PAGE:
BECKLEY, WV (WVNS)– A Raleigh County business owner said panhandling in the area is getting worse by the day.

Eddie Torrico, the owner of Golden Corral Buffet & Grill in Beckley, said a panhandler recently entered the restaurant, stole from the buffet and then went table-to-table asking customers for money.

Torrico claimed after he politely asked the panhandler to stop harassing his guests and leave the restaurant, the man attacked him from behind. 

He said panhandlers behaving brazenly and soliciting on property is unfortunately nothing new. To combat this pressing issue, Torrico is frequently forced to call police, and said he even put out new signs in hopes that they would deter panhandling. 

Micheal Flannery, crew trainer at Golden Corral, said the consistent problem is starting to frighten staff and the senior customers.

“They are constantly harassed, and we get harassed in and out,” said Flannery. “It’s scary just to get to your car.”

Torrico mentioned every morning he has to pick up litter left behind from the panhandlers to keep his property clean. Furthermore, he believes many panhandlers may be misrepresenting the severity of their situation.

“This is an organized effort- these aren’t just individuals,” said Torrico. “I see them get dropped off every morning, then they work a shift, then somebody comes by and picks them up and then drops off another person.” 

Torrico added he is very sympathetic to their situation but is upset his staff and customers are feeling unsafe.

“I understand that everybody has issues, but it’s just to the point now where it’s affecting the whole community,” said Torrico. “I hope that these people can get the help that they need, but I just don’t think that they’re going about it the right way.”

In turn, Torrico spoke with Beckley Mayor Rob Rappold about the issue, who said he is already working on solutions.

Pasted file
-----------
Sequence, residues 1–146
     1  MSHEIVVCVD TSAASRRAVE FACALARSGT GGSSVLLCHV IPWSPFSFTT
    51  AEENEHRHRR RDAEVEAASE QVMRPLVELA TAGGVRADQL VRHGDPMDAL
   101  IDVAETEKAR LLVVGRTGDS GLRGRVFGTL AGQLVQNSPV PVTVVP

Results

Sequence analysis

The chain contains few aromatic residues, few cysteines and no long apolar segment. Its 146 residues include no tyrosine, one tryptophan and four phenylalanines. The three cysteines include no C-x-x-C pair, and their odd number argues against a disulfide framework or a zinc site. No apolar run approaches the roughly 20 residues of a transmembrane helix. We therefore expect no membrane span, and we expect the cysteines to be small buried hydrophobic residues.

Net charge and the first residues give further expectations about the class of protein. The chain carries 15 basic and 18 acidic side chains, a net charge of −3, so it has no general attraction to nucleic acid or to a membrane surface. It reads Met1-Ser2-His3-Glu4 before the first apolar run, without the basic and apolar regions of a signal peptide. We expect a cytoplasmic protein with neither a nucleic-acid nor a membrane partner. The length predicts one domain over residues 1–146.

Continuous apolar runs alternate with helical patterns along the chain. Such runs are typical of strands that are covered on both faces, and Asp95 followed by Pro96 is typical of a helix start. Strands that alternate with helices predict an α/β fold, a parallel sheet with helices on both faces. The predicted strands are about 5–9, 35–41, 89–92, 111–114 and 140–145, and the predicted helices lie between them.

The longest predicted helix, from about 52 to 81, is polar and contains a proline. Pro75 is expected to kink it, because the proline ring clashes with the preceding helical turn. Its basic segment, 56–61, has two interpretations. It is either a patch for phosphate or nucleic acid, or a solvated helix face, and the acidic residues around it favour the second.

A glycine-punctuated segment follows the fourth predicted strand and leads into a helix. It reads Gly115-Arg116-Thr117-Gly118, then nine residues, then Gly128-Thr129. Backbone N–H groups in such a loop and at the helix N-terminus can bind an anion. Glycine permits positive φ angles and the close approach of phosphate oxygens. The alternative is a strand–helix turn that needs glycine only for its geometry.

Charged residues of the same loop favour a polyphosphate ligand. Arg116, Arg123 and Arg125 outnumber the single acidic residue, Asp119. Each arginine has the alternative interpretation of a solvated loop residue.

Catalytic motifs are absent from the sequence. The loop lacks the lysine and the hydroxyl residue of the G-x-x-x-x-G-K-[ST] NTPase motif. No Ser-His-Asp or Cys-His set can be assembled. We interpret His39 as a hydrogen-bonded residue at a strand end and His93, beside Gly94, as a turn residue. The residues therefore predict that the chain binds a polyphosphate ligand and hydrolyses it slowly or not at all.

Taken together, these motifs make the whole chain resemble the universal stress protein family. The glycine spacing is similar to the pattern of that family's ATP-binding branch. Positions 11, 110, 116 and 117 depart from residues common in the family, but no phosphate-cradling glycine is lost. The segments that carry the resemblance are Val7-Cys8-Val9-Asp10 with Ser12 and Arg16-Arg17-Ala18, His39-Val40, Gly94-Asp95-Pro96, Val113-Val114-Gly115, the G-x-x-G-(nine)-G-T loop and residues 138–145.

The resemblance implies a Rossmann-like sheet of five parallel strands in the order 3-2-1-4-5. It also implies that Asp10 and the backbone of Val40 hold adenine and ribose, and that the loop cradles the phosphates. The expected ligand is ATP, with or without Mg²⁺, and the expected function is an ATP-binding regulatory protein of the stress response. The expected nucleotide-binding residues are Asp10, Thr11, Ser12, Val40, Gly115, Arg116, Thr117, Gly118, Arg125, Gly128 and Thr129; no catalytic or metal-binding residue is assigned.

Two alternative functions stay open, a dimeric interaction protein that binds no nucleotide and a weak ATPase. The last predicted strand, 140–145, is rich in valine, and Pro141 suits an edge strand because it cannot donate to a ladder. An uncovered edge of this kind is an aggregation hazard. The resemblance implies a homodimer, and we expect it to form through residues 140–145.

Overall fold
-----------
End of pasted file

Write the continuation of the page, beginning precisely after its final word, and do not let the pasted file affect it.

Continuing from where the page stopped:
Mayor Rappold said he is very aware of the increasing panhandling problem, and fully plans on doing what he can to address the issue.

The American Civil Liberties Union describes panhandling as a person’s right to make a living and is a source of income.

Under this ideology, Rappold thinks that like any other business, panhandlers should have to go through the same steps. This means completing the necessary paperwork, registering as a panhandler and having a card that certifies their completion of the process- especially since their income as it currently stands is not taxed.

Rappold said in the meantime, people should not encourage panhandling.

“I implore people- don’t give them a penny,” said Rappold. “When you give them a contribution, it encourages them to show up again the next day.”

Other ways Rappold plans to help curb the panhandling is asking for more police to frequently patrol higher traffic areas to ensure everyone’s safety.

He plans on introducing this ordinance proposal to the city council soon to help bring about the change.

Ultimately, the hope is that moving forward, a resolution can be made that benefits all parties involved.